Pot-bellied pig recovers from drug overdose - FOX5 Vegas - KVVU

Pot-bellied pig recovers from drug overdose

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Elizabeth Watts (FOX5) Elizabeth Watts (FOX5)
Elizabeth Watts (FOX5) Elizabeth Watts (FOX5)
Elizabeth Watts (FOX5) Elizabeth Watts (FOX5)

Crispy Bacon can do tricks and he gets attention everywhere he goes. His owners call him a rock star. But he took that status to the extreme when he overdosed on human medicine.

"My husband and I were at work, and when we came home there were pills just everywhere," owner Teresa Praus-Choe said.

Praus-Choe's home is piggy-proofed, but Crispy's natural rooting behavior caused him to play with the leg of a table and knock it over. Medicine fell to the floor, and Crispy Bacon ingested acetaminophen, ibuprofen and more.

When his owners returned home, he was vomiting. He was rushed to an emergency animal hospital, where he was admitted for three whole days for drug toxicity.

"It was very scary, because he's like my baby," Praus-Choe said.

She got Crispy because she's allergic to pets with fur and dander. She got him insurance because he's part of the family.

Veterinary Pet Insurance Co says Crispy may be an unusual companion, but drug overdose is actually the most common type of drug toxicity for pets.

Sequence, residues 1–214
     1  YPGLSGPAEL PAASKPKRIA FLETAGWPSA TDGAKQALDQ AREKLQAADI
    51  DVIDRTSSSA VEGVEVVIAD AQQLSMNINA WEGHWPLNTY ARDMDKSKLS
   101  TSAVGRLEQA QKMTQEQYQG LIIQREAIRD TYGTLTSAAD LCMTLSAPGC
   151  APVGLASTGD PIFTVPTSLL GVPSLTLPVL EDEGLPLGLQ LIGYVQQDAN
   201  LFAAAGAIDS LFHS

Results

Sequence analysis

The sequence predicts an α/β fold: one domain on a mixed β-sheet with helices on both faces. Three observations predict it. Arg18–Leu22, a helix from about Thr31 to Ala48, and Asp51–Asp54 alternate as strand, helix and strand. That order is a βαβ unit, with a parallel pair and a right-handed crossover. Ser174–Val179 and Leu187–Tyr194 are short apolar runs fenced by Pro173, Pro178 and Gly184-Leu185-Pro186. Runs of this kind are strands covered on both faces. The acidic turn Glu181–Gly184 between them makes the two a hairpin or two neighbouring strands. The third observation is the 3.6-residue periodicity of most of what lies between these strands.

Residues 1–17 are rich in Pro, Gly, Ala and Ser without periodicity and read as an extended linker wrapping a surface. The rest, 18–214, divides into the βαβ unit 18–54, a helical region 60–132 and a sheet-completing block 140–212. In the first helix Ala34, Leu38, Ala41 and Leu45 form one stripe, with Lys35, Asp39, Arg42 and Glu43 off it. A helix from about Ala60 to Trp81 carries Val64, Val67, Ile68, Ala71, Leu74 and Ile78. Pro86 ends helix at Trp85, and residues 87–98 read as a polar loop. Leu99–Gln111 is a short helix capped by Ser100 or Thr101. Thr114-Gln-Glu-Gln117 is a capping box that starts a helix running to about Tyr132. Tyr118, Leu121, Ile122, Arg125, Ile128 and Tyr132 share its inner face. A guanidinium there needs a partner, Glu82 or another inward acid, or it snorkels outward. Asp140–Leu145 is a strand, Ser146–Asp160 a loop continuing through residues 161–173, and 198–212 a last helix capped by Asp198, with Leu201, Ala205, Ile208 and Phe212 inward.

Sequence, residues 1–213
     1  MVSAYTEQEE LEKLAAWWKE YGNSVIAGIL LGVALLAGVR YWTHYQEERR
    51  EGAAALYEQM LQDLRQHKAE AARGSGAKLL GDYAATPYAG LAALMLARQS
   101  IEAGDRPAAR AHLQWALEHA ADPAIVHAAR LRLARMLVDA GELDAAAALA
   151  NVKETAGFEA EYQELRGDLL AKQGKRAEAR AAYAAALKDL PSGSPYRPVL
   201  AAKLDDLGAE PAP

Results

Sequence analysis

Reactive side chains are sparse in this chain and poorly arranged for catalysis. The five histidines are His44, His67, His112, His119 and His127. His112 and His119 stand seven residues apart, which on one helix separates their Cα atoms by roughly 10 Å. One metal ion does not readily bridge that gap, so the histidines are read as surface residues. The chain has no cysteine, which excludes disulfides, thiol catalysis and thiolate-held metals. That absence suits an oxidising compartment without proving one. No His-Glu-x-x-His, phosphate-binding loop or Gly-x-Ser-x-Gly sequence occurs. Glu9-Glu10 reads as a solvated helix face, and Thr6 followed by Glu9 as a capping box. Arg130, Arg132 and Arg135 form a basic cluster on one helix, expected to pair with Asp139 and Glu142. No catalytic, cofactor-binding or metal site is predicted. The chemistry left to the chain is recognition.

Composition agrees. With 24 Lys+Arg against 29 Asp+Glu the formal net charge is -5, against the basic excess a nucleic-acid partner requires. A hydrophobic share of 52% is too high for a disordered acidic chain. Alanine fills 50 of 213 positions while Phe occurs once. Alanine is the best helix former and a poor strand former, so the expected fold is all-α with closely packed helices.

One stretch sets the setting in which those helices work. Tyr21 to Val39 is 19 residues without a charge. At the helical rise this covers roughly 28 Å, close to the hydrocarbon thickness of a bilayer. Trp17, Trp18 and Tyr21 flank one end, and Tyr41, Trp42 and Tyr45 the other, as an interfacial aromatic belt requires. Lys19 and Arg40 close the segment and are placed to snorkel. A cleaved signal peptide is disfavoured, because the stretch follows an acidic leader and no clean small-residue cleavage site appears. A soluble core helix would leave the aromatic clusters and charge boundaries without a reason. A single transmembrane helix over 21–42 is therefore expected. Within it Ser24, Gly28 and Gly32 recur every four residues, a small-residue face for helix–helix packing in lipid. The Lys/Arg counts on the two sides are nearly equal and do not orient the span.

"That kind of makes sense if you think about it. Because everybody's home has human medication in it, and that can be dangerous and even deadly for your pet," VPI's Curtis Steinhoff said.

Praus-Choe says it was a scary ordeal, but she can laugh about it now. "He's our little rock star. Whenever we come to the park everybody's pulling out the camera wanting to take his picture. The vet even said he took that status to the extreme- overdosing on medication," she said.

Crispy Bacon has made a full recovery.

He's in the running for VPI's "Hambone Award" for the most unusual pet insurance claim of 2012.

VPI says they have about half a million customers. It costs anywhere from $25 to $70 a month, depending on how old the animal is.

The company encourages all animal owners to keep emergency pet hospital numbers handy, just in case.

If you suspect your pet ingested something toxic, contact your veterinarian immediately or call the Pet Poison Help Line at 800-213-6680, available 24 hours a day.

Copyright 2012 KVVU (KVVU Broadcasting Corporation).  All rights reserved.

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